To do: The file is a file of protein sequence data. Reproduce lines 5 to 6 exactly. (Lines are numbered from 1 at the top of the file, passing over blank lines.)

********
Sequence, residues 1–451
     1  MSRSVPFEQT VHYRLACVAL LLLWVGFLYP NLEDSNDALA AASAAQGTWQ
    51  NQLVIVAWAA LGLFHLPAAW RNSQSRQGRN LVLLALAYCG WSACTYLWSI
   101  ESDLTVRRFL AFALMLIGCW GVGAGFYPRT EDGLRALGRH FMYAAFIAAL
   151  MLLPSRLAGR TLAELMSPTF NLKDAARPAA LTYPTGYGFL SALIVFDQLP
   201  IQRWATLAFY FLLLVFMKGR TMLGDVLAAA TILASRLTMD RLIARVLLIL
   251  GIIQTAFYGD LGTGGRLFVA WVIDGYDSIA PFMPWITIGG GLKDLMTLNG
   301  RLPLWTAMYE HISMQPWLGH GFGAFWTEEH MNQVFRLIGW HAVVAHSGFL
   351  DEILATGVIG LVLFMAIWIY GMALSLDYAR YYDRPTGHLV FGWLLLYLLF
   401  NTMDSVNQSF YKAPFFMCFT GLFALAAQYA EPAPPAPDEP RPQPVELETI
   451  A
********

   151  MLLPSRLAGR TLAELMSPTF NLKDAARPAA LTYPTGYGFL SALIVFDQLP
   201  IQRWATLAFY FLLLVFMKGR TMLGDVLAAA TILASRLTMD RLIARVLLIL